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Author Topic: Addendum to tree cutout-- Swarm?  (Read 443 times)
kedgel
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« on: June 27, 2009, 03:19:24 PM »

That afternoon when I got home from work, I went out to check on the new hive and found what looked like a small swarm of bees clustered on a palmetto frond next to the hive.  The cluster was about the size of a cataloupe.  There were bees around the top of the new hive and lots coming and going that looked like normal activity.  I question whether it was a swarm from the new hive because, one, how did the queen get through the excluder, and two, there weren't that many bees.  I've never seen a swarm before to know, but the pictures I've seen seemed like there were more bees.  I cut the frond and shook the bees into an empty hive with some drawn out comb and some honeycomb with some capped honey in it.  This morning it looked like they were still there. I opted to leave them alone for a couple of days, so I don't know yet if they settled in.  The tree hive is lousy with bees, so if they swarmed, most of the bees stayed home.  I left it to settle in as well, so I haven't opened it up to check, either. What are the chances that this was a separate swarm? Would a swarm be attracted to the smell of honey oozing from all the broken comb?  Any ideas?
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Brian D. Bray
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« Reply #1 on: June 29, 2009, 08:16:38 PM »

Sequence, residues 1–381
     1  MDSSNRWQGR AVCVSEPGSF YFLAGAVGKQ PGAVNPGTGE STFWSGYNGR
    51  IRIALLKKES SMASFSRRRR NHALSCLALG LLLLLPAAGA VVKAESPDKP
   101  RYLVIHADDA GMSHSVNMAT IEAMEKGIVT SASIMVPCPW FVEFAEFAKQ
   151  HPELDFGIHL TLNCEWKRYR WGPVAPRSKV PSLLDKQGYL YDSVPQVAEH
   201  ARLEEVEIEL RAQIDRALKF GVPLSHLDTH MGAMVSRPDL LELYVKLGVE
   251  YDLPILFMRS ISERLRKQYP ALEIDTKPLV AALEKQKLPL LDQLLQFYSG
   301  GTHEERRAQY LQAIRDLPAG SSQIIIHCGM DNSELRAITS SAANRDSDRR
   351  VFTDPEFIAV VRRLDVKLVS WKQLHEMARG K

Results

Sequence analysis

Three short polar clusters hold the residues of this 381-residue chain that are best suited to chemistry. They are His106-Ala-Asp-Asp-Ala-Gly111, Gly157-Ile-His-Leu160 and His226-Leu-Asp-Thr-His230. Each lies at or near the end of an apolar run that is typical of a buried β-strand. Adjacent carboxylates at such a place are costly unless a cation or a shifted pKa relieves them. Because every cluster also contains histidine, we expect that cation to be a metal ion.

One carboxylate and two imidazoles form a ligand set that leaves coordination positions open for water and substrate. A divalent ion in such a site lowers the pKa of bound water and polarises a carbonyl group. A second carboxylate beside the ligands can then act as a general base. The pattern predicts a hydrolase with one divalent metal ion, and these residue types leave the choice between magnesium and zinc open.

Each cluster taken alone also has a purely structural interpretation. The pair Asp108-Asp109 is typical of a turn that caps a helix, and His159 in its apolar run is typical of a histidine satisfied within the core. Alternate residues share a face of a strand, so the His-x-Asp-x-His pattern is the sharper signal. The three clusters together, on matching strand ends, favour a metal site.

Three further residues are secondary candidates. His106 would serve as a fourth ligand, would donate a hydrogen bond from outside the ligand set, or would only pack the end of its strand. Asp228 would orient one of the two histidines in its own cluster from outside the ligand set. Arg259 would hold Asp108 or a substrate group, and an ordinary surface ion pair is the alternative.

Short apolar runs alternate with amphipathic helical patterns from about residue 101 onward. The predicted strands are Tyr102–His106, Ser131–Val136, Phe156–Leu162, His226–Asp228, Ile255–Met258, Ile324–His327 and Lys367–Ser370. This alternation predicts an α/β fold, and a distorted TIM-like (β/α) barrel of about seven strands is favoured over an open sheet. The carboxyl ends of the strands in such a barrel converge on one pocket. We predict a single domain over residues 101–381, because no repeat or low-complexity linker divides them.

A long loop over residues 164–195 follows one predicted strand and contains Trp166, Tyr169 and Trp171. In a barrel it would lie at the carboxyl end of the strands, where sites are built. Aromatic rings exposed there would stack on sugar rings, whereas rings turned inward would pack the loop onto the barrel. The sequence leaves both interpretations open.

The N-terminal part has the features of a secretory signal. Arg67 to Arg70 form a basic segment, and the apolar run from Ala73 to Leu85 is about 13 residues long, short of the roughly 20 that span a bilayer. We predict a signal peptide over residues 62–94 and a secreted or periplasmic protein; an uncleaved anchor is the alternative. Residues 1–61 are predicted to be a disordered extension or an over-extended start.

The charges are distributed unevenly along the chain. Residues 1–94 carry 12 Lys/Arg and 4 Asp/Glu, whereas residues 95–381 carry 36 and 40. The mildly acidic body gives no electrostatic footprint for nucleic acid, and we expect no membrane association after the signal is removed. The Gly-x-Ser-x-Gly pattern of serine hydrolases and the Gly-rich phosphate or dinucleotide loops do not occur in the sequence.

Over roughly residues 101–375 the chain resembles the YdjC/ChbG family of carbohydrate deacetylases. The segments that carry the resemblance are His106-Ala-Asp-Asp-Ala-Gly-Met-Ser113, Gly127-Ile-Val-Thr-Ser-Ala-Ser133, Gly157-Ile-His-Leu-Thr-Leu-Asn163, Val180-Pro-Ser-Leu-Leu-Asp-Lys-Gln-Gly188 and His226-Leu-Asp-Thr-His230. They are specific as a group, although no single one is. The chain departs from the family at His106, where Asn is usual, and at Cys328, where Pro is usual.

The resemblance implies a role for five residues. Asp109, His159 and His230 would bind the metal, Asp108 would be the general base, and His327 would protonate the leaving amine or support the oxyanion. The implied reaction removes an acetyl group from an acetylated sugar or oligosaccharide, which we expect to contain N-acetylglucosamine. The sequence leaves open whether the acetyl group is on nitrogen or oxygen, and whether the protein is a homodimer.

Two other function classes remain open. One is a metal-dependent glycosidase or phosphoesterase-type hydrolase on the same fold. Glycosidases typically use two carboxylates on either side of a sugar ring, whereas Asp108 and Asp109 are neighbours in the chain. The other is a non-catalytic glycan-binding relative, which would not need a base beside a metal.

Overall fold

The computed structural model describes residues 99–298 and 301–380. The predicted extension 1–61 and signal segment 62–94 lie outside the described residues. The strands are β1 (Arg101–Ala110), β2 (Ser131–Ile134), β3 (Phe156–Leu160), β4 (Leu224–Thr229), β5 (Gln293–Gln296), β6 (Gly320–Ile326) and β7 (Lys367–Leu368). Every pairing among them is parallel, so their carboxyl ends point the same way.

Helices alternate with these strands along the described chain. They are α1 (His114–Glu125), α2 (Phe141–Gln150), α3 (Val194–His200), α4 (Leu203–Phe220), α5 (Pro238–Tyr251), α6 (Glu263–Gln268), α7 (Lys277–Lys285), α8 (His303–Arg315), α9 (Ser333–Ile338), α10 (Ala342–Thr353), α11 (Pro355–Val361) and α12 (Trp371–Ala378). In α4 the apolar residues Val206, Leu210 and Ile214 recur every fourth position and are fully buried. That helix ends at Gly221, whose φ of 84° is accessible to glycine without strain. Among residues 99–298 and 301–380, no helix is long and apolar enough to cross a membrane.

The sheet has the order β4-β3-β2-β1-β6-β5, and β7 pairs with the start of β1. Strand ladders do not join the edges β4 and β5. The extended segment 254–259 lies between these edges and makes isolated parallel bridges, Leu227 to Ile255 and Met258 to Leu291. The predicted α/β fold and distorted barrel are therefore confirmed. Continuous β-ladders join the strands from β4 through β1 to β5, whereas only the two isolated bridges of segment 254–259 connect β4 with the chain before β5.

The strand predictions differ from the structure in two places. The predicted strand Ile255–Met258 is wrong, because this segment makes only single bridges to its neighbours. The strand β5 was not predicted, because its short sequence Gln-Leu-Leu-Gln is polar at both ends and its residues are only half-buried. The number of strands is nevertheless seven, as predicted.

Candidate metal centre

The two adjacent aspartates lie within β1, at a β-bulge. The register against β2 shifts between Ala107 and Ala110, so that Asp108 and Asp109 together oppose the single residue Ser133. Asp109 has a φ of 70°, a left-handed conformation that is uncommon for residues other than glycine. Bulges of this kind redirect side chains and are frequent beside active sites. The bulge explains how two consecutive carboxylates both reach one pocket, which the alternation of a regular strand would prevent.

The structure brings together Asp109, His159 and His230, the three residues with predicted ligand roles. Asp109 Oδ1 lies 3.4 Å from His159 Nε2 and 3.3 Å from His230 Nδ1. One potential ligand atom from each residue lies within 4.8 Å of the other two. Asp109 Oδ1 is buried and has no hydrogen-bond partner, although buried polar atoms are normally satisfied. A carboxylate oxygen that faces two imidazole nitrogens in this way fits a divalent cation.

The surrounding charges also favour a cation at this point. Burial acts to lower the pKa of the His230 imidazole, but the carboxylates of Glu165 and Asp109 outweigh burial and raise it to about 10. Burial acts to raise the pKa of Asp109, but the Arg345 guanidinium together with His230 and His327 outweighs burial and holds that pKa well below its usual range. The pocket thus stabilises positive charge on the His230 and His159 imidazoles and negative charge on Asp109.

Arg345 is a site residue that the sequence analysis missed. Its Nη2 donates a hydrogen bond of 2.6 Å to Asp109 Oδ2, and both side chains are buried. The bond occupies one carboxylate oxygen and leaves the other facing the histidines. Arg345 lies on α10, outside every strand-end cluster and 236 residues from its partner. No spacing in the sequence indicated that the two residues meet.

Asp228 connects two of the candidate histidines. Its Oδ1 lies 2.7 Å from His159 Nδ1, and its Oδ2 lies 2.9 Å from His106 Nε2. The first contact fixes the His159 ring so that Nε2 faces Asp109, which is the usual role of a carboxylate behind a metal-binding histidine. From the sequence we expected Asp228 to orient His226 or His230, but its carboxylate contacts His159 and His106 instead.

I was puzzled at what you were talking about until I stumbled onto your other thread.

Hint:  It is sometimes better to continue to ask questions on one thread so that those who offer help can better follow the progression and give better and more meaninful answeres.  Sometimes confusing or too little data is ignored by forum members when posing additional questions in an earlier thread would serve better.

That cluster of bees just might be because the bees in the hive had been from a open hive before the "cutout."  Sometimes the forager bees, even if they re-orientate to their new location, being creatures of habit just like people, will return to the same type of behavior, hanging from branches as before.  I believe that is what is happening here.  Of course you could try putting them into a new hive (nuc) and see what happens.
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